Thailand’s Tiger Temple
At least forty dead tiger cubs have been found stuffed in a freezer at the infamous, controversial Tiger Temple in Thailand. Accused of wildlife trafficking and severe animal abuse, the Buddhist temple was raided by police officers who removed all the living tigers from the exhibit. Pictures quickly made their way to social media, where the world’s heart sank at the sight of the forty cubs lined up on the floor.
The site, located in Kanchanaburi, is a rather popular tourist attraction where tourists could take “selfies” with the tiger population. After the raid, it remains unclear if the temple will ever re-open.
Despite the sheer horror of what this actually is, this isn’t the temple’s first shine of controversy in local and global affairs. The Tiger Temple, also known as Wat Pha Luang Ta Bu Yannasampanno, is located west of Bangkok in the aforementioned Kanchanaburi Province. It received its first tiger cub in 1999, sparking the first hint of controversy in media. Within the next year, the temple gained an additional seven more. By 2016, at least 137 tigers have been recorded by the temple itself.
What kind of tigers are we talking about? While a majority are Bengal tigers, hybrid breeds are said to reside within the halls as well. Tigers are not the only animal being abused in this affair, either. Jackals, bears, and hornbills were found. What wasn’t found? The necessary permits and living conditions required to even have these animals.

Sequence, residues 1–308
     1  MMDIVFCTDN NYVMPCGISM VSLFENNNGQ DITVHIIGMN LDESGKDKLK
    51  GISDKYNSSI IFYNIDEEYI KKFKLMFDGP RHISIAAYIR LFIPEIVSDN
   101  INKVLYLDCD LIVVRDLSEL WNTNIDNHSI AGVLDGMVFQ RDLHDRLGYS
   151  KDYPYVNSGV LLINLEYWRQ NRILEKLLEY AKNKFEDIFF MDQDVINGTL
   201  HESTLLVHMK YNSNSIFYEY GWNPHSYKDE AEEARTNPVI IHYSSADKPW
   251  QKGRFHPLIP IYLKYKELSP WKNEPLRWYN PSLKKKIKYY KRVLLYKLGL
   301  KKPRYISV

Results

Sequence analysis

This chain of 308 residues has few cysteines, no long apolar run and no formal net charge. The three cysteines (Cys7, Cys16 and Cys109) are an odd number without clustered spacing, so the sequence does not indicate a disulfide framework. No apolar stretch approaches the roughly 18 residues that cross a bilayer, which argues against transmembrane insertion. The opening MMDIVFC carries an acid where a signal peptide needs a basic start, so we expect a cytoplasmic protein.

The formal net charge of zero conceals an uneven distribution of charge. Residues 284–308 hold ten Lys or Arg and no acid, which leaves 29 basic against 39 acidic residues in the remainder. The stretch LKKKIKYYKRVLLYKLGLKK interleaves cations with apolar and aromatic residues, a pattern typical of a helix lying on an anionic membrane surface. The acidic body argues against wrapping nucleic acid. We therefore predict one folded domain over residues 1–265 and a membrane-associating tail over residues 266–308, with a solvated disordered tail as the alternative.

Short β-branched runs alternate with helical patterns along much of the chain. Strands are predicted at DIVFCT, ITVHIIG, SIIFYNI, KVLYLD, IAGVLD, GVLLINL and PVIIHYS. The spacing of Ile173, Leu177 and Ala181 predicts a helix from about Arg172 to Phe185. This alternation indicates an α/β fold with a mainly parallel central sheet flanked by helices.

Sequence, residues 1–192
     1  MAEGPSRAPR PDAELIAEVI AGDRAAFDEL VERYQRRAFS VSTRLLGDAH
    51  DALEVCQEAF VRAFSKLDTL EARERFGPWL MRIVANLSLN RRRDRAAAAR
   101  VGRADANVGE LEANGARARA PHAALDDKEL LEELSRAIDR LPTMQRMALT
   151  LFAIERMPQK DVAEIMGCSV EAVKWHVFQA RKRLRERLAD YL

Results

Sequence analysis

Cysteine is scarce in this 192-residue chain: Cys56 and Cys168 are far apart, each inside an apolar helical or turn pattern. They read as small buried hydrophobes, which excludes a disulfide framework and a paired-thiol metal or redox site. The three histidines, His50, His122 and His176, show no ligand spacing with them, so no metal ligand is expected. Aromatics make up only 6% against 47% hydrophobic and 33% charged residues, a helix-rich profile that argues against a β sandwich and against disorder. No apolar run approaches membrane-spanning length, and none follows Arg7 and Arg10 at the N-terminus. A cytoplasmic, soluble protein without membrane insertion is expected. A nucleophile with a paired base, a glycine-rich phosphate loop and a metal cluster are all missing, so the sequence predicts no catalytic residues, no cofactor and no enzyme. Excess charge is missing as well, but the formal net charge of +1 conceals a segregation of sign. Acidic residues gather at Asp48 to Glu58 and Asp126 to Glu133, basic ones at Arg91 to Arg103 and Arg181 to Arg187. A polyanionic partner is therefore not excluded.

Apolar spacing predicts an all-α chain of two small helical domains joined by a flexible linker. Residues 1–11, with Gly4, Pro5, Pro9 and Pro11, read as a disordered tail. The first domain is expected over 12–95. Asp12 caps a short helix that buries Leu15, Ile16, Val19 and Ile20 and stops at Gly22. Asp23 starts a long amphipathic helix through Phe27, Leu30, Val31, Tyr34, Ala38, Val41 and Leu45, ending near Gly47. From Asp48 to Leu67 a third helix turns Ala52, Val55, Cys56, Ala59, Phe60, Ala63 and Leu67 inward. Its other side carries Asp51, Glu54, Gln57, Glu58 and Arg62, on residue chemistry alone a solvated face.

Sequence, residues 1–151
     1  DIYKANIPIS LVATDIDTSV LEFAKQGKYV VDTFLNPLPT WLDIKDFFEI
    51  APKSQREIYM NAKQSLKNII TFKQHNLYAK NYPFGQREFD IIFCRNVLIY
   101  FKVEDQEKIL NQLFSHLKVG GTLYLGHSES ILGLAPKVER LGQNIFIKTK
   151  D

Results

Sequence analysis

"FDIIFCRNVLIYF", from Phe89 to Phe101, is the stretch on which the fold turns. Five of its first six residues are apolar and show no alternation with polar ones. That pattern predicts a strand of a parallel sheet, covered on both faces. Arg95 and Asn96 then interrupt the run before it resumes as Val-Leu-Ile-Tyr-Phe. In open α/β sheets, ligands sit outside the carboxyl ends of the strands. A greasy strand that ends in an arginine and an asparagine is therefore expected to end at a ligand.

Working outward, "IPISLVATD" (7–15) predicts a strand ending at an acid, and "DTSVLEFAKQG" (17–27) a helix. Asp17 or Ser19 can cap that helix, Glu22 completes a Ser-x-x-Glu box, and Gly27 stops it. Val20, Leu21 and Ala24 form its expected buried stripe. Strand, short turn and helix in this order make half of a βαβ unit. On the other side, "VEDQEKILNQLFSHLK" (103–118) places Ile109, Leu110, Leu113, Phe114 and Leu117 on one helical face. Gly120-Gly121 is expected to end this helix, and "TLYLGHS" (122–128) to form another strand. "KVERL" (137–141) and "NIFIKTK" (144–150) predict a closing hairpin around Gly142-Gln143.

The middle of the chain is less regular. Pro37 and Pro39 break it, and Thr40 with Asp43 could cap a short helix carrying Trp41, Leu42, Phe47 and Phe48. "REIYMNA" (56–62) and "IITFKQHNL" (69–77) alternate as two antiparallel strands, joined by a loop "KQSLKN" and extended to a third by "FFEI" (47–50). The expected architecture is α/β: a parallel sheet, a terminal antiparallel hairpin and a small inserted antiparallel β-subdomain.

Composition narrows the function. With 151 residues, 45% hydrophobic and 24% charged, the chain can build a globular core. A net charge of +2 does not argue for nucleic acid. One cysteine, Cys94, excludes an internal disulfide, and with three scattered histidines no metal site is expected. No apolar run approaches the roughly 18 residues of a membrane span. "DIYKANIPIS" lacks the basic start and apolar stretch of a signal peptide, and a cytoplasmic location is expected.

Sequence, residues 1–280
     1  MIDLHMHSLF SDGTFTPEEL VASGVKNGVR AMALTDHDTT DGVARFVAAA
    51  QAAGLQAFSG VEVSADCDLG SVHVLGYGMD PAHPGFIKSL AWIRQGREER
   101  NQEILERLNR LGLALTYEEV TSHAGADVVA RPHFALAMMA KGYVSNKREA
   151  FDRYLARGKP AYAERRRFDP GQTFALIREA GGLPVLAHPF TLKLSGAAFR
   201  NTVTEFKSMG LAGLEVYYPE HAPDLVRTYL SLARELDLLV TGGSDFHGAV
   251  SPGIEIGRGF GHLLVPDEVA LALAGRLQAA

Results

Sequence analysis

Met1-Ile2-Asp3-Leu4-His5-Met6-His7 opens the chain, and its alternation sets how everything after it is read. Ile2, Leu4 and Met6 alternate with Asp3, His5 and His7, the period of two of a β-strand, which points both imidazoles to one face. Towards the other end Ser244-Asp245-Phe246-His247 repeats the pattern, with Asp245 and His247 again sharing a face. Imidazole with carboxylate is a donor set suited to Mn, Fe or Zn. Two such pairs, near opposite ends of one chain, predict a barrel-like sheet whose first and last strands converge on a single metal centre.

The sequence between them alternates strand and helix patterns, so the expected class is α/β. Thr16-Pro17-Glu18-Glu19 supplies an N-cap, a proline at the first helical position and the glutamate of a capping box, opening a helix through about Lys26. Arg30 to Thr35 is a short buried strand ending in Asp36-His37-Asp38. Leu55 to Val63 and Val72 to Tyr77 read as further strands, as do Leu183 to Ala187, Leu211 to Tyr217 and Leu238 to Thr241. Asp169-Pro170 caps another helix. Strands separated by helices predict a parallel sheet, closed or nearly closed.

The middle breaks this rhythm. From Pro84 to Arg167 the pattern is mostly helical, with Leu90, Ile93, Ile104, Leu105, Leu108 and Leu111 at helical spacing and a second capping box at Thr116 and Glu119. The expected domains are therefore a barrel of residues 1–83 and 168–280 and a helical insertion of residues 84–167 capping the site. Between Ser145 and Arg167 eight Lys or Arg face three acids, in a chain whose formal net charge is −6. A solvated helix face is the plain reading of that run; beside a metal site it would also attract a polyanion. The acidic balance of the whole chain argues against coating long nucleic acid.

People have flocked in hoards to the Tiger Temple in the past, being charged 600 Thai Baht ($16, £11) for simply entering the front gate. Tourists are oftentimes charged additional money to take pictures, feed, or pet the animals. This is what I find shockingly horrifying. It’s just like when ignorant, idiot tourists killed a baby dolphin in order to get pictures of it. What the fuck is wrong with society?
People paid the Thai Buddhist temple to keep an illegal animal trafficking, abusive company afloat in terms of business expenditure!
The Buddhist monks who run the temple have been running from accusations for years now, battling wildlife groups since at least 2001. National Geographic reported that the monks were operating a for-profit breeding business as late as 2016, yet people still came by the thousands to get a look at the poor animals. Former workers have come forward, claiming the animals are beaten, victims of malnutrition, and in desperate need of veterinary care in the form of physical checkups and dentistry. Sources informed the BBC have claimed that the tigers slept in small concrete cages.
The Department of National Parks, also known as the DNP, has repeatedly tried to confiscate the tigers. However, the monks refused to let representatives enter the building. Thus, the police strike was finally organized. If the monks weren’t willing to conduct a rescue diplomatically, the police required to conduct it via force.
Tiger bones and body parts are used in traditional “voo-doo” like Chinese medicine, leading officials to believe the for-profit stories foreshadowed by several reporting sources. As of June 3rd, the monks of the temple were not available for comment – but their previous claims have denied trafficking and abuse allegations.